Unfortunately, many practitioners determine their financial policies the hard way — through trial and error. But, if you conduct research specific to your area and your patient base, you can create successful financial systems from the beginning. Keep in mind — you want to make treatment possible for your patients but not at the cost of the practice’s financial security.

Common Payment Options and Financial Considerations

Some practice owners and staff find it challenging to explain policies to patients out of fear that patients will become defensive or disgruntled by the “rules.” This fear can be eliminated if the practitioner and staff view the policies as a necessary system in the practice that allows the practice to provide the best possible care to patients.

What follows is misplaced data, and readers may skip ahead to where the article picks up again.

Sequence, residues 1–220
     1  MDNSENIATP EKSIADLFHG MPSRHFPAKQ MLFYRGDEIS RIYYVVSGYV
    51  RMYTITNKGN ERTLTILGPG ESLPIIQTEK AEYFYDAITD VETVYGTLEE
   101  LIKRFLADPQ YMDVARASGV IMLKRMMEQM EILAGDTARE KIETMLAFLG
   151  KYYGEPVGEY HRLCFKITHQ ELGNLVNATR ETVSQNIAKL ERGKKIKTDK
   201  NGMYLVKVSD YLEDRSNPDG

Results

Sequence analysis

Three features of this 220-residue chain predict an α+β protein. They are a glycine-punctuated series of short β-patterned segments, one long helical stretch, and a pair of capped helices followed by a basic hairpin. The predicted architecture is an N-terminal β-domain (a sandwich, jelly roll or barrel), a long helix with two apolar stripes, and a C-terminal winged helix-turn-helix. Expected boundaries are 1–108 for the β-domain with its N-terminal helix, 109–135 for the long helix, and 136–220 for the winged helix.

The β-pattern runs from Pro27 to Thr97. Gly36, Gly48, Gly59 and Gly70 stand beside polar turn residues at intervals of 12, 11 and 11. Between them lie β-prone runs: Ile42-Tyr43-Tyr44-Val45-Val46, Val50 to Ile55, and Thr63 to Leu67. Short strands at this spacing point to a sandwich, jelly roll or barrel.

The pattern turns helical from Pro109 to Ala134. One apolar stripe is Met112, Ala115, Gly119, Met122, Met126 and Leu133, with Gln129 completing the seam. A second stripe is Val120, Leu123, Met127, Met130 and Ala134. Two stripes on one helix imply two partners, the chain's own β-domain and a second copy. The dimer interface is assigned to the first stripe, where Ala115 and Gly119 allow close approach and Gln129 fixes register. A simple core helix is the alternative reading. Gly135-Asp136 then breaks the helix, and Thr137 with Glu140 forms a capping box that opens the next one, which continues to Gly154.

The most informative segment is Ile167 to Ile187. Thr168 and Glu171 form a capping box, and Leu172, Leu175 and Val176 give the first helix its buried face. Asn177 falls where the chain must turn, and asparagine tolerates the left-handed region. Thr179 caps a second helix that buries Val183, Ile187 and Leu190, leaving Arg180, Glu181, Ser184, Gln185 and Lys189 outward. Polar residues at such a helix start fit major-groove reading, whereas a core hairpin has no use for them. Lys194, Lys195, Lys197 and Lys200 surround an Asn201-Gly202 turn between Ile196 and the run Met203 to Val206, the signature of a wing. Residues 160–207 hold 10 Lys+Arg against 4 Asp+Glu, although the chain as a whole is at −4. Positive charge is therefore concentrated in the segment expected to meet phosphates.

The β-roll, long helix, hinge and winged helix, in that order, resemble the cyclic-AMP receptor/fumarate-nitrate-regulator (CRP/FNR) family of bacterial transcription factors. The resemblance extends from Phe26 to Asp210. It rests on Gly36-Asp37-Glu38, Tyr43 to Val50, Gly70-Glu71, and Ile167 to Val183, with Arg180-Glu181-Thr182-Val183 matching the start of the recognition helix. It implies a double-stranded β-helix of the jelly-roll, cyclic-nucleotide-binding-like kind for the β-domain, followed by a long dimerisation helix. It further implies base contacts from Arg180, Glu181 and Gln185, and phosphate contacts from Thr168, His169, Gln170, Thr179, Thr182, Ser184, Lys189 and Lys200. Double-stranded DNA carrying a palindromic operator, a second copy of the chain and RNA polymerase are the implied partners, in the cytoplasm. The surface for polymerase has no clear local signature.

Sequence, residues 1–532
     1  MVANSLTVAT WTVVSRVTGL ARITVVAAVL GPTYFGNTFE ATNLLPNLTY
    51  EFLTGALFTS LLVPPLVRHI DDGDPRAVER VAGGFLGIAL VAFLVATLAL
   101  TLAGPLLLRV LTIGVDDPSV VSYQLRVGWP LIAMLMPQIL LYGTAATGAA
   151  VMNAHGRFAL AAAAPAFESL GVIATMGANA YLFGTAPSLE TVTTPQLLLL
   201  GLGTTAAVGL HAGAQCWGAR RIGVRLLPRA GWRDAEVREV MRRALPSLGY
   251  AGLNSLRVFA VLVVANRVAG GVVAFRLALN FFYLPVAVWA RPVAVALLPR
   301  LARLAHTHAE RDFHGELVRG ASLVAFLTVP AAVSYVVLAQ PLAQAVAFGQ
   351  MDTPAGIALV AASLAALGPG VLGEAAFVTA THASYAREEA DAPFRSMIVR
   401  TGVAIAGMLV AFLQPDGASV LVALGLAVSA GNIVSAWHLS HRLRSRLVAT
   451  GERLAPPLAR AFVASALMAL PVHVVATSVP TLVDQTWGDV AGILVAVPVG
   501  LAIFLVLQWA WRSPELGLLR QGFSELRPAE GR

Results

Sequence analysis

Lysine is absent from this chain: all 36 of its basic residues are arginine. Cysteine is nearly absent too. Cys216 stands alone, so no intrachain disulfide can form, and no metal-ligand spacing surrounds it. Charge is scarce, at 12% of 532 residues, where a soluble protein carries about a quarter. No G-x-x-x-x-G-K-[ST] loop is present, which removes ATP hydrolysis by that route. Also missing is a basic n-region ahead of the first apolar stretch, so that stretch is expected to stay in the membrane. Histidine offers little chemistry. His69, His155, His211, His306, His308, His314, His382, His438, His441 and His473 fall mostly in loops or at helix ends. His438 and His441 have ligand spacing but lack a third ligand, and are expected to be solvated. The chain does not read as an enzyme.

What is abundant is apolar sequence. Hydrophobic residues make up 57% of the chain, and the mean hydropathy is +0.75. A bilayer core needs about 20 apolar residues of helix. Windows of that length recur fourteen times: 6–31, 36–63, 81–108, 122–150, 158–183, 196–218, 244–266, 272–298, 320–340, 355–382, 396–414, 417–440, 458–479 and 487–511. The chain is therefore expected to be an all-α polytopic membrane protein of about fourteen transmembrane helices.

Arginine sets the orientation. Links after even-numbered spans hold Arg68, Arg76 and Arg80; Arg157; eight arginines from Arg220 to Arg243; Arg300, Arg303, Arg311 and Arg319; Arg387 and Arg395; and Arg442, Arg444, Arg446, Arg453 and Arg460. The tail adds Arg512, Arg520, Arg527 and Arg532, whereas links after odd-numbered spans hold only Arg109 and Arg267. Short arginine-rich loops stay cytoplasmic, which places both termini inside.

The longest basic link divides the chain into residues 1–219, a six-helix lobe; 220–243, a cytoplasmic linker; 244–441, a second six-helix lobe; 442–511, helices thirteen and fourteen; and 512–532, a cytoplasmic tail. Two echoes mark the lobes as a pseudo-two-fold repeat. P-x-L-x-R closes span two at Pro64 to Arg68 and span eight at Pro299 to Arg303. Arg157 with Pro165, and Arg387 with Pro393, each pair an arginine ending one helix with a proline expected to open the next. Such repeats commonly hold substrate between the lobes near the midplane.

Doctors fear that they will lose patients when policies are set, but in fact, most patients will appreciate and abide by the policies. When sharing the policies with patients, try not to refer to them as “policies,” but rather convey to patients the advantage the policies provide to them. For example, instead of saying to a patient, “Our policy is that we require a 25 percent deposit before scheduling that appointment,” say to a patient, “We would like to reserve our doctor’s time specifically for you, so he has ample time to perform this procedure and answer your questions. To make this reservation, we do need a 25 percent deposit.”

There is a multitude of financial policies to consider, and it is easy to see why the new practice owner can become overwhelmed by the choices. Below are many of the more commonly applied policy options. These will vary by geographic region, practice discipline, doctor philosophy, staff ability and training and patient demographics.